Google is undermining one big reason why people flocked to Gmail in the first place

On April Fools’ Day 2004, Google made a splash when it introduced Gmail, a free online email service. One reason it was revolutionary was its gigabyte of free storage space — the idea being that you wouldn’t have to constantly be deleting email in order to keep things going.

But today, I’m in a jam. I’ve run out of space across Gmail, the Google Drive storage service and the Google Photos app.

I have options.

I could clear up space by deleting emails (email takes up much more of my space than photos or files) or moving some data around to other Google accounts. Or I could move them to services from other providers like Microsoft, which I pay $ 99.99 per year for the Office 365 suite that includes Outlook for email and OneDrive for storage.

The simpler thing to do would be to pull out my credit card and start paying Google.

That would go against the original value proposition of Gmail, though. Way back in 2004, the press release introducing Gmail to the world included an impactful quote from Google cofounder Larry Page:

“Gmail solves all of my communication needs. It’s fast and easy and has all the storage I need. And I can use it from anywhere. I love it!”

I imagine that today Page, who is now CEO of Google’s parent company, Alphabet, remains a Gmail user. I wonder if he started paying at some point.

It helps that Google has raised the limit on data storage for Gmail users multiple times.

In 2005, it jumped 100 percent to 2 gigabytes.

By 2007, users had about 40 percent more — 2.8 gigabytes.

In 2011 the limit was 168 percent larger, at 7.5 gigabytes.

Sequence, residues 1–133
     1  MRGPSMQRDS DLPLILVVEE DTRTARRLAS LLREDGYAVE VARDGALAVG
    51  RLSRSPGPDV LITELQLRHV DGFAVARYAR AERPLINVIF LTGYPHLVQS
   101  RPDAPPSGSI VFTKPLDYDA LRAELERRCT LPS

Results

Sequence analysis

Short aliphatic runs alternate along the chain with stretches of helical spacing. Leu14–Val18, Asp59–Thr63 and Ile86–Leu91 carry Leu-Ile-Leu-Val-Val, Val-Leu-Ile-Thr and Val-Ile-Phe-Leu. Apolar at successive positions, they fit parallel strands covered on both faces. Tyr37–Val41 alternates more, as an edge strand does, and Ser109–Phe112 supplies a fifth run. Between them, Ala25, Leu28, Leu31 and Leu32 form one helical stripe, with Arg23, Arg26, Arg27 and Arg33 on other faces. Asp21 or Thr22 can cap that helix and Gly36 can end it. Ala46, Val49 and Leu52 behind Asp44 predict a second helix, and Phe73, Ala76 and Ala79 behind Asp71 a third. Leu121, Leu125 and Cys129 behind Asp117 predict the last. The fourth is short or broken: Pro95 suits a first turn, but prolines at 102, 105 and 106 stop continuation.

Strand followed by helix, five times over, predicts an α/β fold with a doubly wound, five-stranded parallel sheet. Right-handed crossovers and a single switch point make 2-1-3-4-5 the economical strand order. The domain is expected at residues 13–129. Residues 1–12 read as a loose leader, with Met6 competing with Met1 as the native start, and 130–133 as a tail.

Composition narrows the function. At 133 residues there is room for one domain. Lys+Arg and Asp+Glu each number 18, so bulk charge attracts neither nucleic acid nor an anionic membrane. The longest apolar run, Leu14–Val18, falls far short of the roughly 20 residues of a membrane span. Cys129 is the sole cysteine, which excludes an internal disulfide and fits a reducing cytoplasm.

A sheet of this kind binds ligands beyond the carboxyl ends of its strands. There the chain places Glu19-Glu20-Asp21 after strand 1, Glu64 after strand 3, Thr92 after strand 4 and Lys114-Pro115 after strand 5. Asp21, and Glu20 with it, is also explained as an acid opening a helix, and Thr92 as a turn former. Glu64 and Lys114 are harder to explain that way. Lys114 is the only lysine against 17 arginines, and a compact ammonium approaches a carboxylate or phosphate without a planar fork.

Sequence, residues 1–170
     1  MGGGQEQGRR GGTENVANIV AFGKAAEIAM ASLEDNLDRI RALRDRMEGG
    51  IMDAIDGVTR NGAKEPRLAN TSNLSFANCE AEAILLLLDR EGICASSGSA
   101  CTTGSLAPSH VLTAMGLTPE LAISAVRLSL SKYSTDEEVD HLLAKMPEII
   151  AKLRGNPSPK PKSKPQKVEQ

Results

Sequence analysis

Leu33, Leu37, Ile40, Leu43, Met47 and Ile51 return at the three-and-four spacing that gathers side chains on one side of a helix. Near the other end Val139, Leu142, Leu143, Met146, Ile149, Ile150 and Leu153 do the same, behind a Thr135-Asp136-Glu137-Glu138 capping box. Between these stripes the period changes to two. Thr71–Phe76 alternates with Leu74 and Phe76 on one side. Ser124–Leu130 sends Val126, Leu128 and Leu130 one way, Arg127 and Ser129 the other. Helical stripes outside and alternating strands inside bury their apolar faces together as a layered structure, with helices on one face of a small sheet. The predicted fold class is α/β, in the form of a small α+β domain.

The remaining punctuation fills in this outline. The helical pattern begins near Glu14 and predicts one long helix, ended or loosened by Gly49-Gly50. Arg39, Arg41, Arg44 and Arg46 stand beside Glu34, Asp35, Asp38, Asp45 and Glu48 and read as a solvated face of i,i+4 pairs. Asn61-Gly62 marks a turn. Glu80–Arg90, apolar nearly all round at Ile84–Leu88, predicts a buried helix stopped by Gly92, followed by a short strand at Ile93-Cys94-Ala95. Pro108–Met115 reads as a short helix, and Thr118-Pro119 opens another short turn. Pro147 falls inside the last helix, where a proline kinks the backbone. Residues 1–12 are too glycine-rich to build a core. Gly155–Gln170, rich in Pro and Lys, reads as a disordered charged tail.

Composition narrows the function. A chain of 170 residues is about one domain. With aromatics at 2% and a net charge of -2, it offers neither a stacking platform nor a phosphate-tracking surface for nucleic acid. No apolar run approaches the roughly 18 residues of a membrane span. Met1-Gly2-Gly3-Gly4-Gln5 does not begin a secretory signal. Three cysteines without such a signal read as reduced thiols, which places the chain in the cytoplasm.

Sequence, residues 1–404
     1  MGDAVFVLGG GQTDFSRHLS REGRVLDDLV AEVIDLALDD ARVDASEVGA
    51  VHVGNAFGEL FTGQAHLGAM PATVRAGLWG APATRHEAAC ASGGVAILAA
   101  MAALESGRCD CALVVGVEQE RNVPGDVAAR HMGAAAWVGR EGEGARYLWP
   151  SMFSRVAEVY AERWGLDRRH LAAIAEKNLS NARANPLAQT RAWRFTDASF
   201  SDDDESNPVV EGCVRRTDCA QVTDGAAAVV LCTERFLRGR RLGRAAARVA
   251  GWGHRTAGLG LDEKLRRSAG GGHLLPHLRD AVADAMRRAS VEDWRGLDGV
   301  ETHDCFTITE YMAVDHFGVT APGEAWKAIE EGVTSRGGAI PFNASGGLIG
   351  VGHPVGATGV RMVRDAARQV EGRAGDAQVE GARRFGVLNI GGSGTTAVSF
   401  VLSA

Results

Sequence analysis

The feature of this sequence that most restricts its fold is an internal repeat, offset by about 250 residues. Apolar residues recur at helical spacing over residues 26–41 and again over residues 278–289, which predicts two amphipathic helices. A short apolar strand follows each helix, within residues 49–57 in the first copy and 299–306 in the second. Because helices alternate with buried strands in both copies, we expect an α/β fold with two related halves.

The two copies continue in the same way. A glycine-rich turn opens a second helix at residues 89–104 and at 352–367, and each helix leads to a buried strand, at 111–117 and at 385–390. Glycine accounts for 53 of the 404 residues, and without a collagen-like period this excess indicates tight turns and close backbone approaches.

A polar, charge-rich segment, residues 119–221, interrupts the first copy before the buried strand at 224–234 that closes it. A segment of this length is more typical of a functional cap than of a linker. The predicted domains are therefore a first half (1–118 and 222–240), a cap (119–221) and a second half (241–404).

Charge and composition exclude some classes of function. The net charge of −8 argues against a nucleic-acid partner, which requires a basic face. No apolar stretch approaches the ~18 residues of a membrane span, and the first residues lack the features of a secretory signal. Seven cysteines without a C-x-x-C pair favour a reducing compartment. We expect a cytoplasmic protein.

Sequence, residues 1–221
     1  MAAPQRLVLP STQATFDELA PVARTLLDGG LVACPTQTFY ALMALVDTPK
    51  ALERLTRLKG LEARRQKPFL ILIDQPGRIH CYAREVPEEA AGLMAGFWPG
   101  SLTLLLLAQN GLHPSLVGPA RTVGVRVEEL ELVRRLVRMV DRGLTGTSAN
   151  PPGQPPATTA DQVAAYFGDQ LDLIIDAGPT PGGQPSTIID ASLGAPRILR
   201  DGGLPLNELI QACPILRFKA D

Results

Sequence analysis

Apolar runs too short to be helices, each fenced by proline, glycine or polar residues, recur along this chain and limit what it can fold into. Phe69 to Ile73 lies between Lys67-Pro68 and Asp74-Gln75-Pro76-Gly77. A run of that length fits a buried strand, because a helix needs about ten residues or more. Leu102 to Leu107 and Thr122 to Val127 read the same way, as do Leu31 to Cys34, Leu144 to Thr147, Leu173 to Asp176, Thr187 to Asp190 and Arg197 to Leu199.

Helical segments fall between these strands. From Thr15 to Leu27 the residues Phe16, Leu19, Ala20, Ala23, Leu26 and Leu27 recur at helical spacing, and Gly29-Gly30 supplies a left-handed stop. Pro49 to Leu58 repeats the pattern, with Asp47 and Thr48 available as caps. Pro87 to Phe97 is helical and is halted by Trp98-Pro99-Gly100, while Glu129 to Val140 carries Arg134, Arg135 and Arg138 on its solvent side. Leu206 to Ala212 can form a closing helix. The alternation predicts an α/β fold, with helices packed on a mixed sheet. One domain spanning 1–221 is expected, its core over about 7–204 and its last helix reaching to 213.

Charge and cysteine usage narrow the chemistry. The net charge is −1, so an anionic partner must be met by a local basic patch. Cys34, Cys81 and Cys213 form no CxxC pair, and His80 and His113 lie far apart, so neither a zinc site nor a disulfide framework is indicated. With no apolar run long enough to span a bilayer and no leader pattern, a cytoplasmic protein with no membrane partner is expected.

Then in 2012 it jumped 33 percent to 10 gigabytes.

And 2013 was the most recent time Google raised the limit — bringing it up 50 percent to 15 gigabytes.

But now it’s been five years since Google gave free users more room for stuff. (Google did introduce free and unlimited storage of images and videos through Google Photos in 2015, but if you want that free tier, you’ll need to be okay with content getting compressed or resized.)

Google did not immediately respond to a request for comment.

My specific situation was helped along because a few years ago bought a Chromebook as a sort of backup computer. The purchase happened to come with a perk: 100 gigabytes of free storage.

But last month, Google emailed me and let me know that the extra storage would soon be going away. It turns out the promotion lasted two years.

As of today, I’m back to being just another Google account holder with 15 gigabytes of standard-issue free storage. But my data takes up more than 21 gigabytes. When I checked my Gmail inbox this morning, there was a pink banner on top instructing me to free up space or pay. In Google Drive, the icon on the left that shows how much space is left is now colored red. Conveniently there is a link below to “UPGRADE STORAGE.”

These days, through the Google One plan the company introduced this year, you can have 100 gigabytes for $ 19.99 per year. And $ 9.99 per month now gets you 2 terabytes of storage, 100 percent more than before. Those prices aren’t crazy — and I understand Google’s desire to get customers paying for storage so it can grow and further diversify away from advertising — but it’s the principle of the thing.

I keep thinking back to Larry Page’s words “all the storage I need.” Did Page and others believe that would only be applicable for a few years? I hope not.

Gmail is the product that got the public to start thinking about Google as more than just a web search provider. Presumably, one reason Google has been successful at getting companies to adopt its apps for business use, and sometimes displacing Microsoft Office, is that so many people know and love Gmail.

But if Google keeps things as they are, it risks losing some of the goodwill it has earned among consumers.

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